Advanced Breeding Herd Management Seminar

Mark Storlie, Swine Field Specialist and Russ Euken, Livestock Field Specialist, Northeast Area
Efficient pork production is driven by the productivity and efficient management of the breeding herd.  New technologies are increasingly available and require higher levels of management to evaluate and adapt them correctly for economic benefit.  The trend toward leaner genetics and earlier weaning in sow herds has tended to result in higher sow mortality rates, greater culling rates, additional non-productive sows days and lower conception rate if not managed correctly.  Forty seven producers attended a seminar in Waverly, Iowa to learn how to improve the reproductive performance of their breeding herd.  Participants were asked to measure their improvement in knowledge and skills by filling out a post seminar survey.  Twenty seven completed the survey; which represented 53,550 breeding sows (approx. 267 FTE) and control over 516,700 finishing swine (approx. 173 FTE).  An excellent cross section of Northeast Iowa swine producers attended the seminar.
Speaker included Rob Knox, University of Illinois ; John Mabry, Iowa Pork Industry Center ; Colin Johnson, Iowa Pork Industry Center ; Russ Euken, ISU Extension and Mark Storlie, ISU Extension.
Producers were asked to rate how beneficial each presentation was to their operation.  The rating system included not much, some, fair and a lot.  Prior knowledge was also asked from low to high.  The following results:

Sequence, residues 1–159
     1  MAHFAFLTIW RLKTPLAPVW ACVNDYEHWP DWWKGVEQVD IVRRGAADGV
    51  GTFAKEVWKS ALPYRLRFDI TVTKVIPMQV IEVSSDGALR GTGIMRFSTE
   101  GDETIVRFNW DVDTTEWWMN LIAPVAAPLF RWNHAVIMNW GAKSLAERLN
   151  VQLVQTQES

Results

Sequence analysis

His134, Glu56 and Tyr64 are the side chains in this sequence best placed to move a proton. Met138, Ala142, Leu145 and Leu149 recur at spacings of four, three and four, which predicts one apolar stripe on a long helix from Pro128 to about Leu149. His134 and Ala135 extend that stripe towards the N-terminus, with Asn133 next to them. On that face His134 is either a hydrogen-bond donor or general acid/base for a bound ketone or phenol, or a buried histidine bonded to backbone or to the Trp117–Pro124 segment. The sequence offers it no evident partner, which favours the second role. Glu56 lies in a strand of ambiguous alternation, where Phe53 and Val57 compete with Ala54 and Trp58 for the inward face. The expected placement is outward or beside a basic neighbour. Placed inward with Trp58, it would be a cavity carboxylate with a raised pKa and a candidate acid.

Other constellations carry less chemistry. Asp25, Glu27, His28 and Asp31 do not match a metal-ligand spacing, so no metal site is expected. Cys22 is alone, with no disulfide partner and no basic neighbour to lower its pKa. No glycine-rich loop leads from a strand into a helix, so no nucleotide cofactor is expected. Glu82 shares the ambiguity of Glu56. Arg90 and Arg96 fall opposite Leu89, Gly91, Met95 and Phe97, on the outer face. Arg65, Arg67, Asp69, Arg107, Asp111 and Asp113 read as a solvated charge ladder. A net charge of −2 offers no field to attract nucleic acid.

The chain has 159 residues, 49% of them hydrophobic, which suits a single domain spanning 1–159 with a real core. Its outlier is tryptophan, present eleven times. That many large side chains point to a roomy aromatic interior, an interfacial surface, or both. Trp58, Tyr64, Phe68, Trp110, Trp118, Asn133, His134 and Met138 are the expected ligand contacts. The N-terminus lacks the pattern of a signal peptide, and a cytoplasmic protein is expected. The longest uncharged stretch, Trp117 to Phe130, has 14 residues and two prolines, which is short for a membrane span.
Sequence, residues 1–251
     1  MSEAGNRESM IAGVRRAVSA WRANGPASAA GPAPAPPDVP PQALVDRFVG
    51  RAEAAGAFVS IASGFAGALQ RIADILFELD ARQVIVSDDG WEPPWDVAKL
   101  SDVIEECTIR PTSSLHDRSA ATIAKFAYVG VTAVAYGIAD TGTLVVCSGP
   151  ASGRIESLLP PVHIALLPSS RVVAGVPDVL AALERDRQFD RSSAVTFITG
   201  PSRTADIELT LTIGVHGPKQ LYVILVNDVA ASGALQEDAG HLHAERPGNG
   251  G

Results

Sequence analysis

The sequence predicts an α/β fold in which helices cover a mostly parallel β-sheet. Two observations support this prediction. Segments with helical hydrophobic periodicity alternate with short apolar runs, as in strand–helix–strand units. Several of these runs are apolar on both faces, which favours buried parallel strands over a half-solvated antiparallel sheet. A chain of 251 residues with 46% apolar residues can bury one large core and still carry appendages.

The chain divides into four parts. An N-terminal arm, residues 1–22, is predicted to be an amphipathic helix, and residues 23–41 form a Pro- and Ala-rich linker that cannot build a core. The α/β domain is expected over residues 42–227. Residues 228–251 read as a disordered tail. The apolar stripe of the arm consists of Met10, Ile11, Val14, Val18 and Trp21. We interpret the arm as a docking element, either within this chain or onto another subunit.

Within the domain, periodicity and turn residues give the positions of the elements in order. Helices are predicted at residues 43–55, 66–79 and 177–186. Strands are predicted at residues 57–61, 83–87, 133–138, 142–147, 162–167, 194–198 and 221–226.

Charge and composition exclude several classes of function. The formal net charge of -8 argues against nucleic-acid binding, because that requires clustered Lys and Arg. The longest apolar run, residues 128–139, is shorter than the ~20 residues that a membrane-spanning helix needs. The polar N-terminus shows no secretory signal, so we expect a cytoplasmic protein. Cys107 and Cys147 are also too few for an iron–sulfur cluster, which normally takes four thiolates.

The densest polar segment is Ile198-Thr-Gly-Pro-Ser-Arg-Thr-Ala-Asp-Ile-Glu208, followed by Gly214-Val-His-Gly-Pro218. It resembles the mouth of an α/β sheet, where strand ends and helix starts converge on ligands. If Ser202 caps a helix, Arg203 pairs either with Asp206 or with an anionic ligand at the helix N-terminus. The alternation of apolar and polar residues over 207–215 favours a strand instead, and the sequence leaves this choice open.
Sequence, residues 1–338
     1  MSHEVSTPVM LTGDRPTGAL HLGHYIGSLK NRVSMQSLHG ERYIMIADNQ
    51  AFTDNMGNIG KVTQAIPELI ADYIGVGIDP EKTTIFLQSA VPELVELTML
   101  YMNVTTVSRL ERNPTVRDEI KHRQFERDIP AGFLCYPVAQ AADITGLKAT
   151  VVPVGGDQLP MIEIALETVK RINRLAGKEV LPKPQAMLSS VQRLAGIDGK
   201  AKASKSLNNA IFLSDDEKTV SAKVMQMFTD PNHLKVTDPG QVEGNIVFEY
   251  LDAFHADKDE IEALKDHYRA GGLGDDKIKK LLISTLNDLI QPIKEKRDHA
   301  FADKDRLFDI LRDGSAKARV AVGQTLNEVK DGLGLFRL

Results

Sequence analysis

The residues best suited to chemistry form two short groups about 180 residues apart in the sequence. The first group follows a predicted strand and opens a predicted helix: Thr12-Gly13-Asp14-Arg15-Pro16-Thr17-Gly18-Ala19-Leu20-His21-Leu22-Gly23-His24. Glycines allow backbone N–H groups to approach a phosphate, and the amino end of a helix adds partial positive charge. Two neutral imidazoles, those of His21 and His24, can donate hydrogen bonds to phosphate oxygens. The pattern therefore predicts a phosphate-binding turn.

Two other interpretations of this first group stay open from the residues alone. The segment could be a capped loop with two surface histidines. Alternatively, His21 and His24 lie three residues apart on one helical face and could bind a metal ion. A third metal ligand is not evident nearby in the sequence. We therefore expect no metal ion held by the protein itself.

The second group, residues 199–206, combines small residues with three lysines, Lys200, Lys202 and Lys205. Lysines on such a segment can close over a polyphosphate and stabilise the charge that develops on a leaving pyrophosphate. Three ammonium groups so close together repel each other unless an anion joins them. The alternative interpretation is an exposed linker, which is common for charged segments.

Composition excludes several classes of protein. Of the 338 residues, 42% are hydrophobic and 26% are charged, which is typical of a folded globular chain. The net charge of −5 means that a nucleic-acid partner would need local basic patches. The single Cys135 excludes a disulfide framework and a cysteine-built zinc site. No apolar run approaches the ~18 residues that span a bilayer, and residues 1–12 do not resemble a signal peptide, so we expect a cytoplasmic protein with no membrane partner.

AI Skills and Practices for Success 72% indicated fair or a lot of benefit, while remaining 28% noted some benefit.  78% of producers indicated their prior knowledge was good or high prior to the presentation.
         Presentation focusing on Using Real-time Ultrasound 11% indicated a lot of benefit, 52% fair benefit, 26% some benefit.  34% of producers noted prior awareness was low prior to presentation.
         Discussion on Nutrition for the Breeding Herd 36% responded fair or a lot of benefit with an additional 54% noting some benefit.  61% of producers indicated good knowledge prior to presentation
         Impact of Weaning Age and Breeding Targets presentation 32% benefited a lot, 46% had fair benefit, with 18% finding some benefit.  Over 80% of producers noted a good to high knowledge prior to the presentation.
         BLUP and Gilt Selection presentation 68% indicated fair or a lot of benefit.  73% of producer indicated their prior knowledge was low or fair prior to the presentation.
         100% of surveys noted some or greater benefit from the general discussion at the seminar with 65% indicating fair or a lot of benefit. 
         100% of surveys rated the overall program as some or greater benefit.  Over 90% rated the program as fair or a lot of benefit to their operation.

A few examples of the most important ideas learned by producers from the seminar include.

The following are some examples of impact to operations referred to by producers, as they plan to apply ideas learned at the seminar.

Sixteen producers made the effort to estimate the economic impact of the meeting to their operations.  Operations reported an average benefit of $3,531 per operation financial impact from applying the information gained from this meeting.  Six operations anticipated an economic impact of over $5,000 for their operation.

March 3, 2005
108 -- Iowa Pork Industry Center

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